Sow, Meet Reap.

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Late last night, I arrived in D.C. for the inaugural Missio Alliance National Gathering.

All the action starts in a few hours (so stoked).

And while I had very little, if anything, to do with the creation and execution of this event, it still somehow feels like the fruit of a labor in which I’ve taken part.

Like I’m reaping after a long season of sowing.

My wife and I took a leap of faith and planted a church in our late 20′s. It was a beautiful and terrible experience, with a lot of the terrible coming in the last couple of years. Through some intense storms, by God’s grace and the skin of our teeth, we held on, stood our ground, believing in the integrity of Jesus’s church and our calling to it. It was hard – but it was exactly as it should have been. The beautiful little venture that God entrusted to us required that we see it through all the way to the end.

Since that end, we’ve been waiting. And resting. And healing. And changing – becoming something new as a little family in the wake of a cruciform season of giving our life to the work. We’ve experienced the beauty of receiving life again, strength and joy restored little by little, and the slow realization that, yes, this can all make sense again, and, whoa, maybe it makes even more sense now than it ever did before. We’ve experienced the progressive ascent from a long submersion only to find the air so much more breathable and the sun shocking at first but clarifying so much (and warming to the soul).

There seems to be just one missing link in this journey, and it is the thing that we labored so hard for during those church planting years, the seed we sowed so intently and, hopefully, faithfully. The end of a church plant feels like a crop destroyed, or at least lost to the wind and pounding rain. Would we ever see the fruit?

For our church, Dwell, we believed that something was possible – a better expression and embodiment of the gospel of Jesus for the time and place in which we live. We believed it for Burlington, Vermont; but we also believed it for people beyond our local church project. We wanted to be a part of this way forward, to be caught up in a stream that is much bigger than one group of people in one city. We wanted to see a third-way (radical), missional church movement with unsexy substance and spiritual vitality. We wanted to see the #futuregospel take root and bear fruit.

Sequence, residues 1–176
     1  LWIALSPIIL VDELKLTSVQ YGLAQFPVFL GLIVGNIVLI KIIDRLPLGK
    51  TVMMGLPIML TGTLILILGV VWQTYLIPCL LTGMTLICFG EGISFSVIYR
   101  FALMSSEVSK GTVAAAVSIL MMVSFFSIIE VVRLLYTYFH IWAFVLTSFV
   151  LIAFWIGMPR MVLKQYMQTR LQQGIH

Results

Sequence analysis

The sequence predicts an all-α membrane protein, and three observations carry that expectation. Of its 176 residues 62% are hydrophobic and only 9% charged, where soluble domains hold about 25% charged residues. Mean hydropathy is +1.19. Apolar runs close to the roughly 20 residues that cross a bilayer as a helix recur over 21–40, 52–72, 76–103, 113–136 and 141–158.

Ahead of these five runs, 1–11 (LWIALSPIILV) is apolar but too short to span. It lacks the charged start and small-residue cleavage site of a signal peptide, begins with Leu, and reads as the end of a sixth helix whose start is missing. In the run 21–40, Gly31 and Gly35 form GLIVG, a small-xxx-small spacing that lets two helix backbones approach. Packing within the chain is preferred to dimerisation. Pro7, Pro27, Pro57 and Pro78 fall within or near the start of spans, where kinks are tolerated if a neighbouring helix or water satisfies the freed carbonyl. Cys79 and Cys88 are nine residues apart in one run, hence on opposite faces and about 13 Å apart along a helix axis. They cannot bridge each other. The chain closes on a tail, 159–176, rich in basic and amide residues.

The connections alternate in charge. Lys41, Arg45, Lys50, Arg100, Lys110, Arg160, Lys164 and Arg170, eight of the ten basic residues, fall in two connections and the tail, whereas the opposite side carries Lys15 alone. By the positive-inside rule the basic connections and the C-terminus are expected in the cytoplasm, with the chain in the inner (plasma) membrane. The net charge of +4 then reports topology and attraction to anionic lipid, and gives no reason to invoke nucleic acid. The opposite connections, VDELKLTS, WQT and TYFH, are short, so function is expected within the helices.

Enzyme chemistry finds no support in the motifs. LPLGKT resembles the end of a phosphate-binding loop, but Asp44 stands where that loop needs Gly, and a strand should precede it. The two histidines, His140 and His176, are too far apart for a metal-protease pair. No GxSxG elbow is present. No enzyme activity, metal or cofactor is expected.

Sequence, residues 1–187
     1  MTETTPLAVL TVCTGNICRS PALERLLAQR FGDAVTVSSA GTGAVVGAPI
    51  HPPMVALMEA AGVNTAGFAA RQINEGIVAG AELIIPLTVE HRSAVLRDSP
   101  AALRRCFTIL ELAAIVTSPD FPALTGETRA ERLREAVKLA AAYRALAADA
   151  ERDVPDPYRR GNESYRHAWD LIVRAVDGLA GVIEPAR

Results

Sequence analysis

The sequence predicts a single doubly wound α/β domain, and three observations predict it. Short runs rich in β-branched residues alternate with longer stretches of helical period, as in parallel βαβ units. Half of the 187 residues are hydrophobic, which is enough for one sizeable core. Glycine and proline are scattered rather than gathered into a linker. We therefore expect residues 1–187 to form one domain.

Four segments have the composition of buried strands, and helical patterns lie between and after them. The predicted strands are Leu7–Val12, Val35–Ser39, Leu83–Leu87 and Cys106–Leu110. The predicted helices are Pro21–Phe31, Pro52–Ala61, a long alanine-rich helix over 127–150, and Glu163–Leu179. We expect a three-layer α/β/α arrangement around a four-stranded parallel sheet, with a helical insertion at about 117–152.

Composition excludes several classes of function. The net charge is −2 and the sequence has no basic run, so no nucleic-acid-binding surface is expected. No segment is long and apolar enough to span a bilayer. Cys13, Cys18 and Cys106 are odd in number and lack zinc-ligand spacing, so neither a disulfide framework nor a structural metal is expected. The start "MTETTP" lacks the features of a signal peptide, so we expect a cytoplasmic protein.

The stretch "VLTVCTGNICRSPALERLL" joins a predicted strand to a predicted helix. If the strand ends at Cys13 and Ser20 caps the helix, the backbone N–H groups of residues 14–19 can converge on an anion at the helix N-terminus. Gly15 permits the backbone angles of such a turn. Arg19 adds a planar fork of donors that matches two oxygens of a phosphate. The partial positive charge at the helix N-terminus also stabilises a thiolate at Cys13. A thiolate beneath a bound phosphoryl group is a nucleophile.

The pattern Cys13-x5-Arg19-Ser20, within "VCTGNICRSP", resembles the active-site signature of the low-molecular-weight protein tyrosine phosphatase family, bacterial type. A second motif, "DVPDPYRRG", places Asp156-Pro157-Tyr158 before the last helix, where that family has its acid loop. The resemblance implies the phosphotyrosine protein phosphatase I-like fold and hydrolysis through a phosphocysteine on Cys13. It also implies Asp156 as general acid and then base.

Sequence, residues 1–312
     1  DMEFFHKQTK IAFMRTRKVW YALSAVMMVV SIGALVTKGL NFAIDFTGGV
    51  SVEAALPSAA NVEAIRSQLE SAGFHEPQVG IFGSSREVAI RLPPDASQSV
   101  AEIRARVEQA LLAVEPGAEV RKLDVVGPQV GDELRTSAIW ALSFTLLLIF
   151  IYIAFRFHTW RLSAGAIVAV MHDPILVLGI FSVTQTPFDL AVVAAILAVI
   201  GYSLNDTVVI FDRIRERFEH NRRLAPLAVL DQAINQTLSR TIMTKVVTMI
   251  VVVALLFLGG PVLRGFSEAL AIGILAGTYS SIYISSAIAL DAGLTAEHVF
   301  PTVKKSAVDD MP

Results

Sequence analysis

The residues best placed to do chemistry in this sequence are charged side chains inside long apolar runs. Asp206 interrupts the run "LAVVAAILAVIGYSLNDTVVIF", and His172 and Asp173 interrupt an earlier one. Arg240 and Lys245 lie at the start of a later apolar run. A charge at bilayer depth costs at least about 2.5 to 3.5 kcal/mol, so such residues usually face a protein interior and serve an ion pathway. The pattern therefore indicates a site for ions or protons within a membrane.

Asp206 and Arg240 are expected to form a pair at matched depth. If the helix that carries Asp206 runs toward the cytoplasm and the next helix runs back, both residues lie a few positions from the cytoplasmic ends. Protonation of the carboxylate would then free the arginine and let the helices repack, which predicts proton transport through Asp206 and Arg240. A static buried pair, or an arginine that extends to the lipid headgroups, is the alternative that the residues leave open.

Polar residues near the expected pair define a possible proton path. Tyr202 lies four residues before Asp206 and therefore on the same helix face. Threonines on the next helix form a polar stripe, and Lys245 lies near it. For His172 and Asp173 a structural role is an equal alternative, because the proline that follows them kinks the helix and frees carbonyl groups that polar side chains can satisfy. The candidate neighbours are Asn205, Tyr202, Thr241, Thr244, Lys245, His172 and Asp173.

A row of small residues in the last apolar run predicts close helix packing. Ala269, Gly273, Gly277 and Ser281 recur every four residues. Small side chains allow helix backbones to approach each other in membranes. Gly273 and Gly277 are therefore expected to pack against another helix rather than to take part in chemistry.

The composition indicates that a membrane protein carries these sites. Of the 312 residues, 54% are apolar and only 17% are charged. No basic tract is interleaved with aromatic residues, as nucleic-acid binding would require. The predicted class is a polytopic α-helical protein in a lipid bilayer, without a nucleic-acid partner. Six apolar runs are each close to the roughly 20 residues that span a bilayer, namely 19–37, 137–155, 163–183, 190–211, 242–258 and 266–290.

More than that: we believed God told us we would see this come to pass.

I had little, if anything, to do with the creation and execution of this event. I’m just here to absorb, to learn, to receive, to connect, to discern. But for some reason I know, deeply, that this is part of the fruit.

Missio Alliance is welcoming us into a harvest. A reaping.

And, perhaps, a new laboring, a renewed work, too.

Thanks to all who are making this week possible. Looking forward to these next three days with great expectancy. Who’s with me?!

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About Zach Hoag

Zach J. Hoag is a writer and missional minister from notoriously non-religious New England. His book, Nothing but the Blood: The Gospel According to Dexter was released in 2012. Twitter & Facebook.

  • http://www.wordhavering.wordpress.com/ Mike Freeman

    Loving your blog, Zach. What an apt description of church, of ministry, of life – “a beautiful and terrible experience.” Praying that there is much reaping with joy at this gathering…may it be a burning bush for you and all present.

    • http://zhoag.com/ zachhoag

      @Mike Freeman thanks, mike. i really appreciate this encouragement – and prayers are being answered, for sure.


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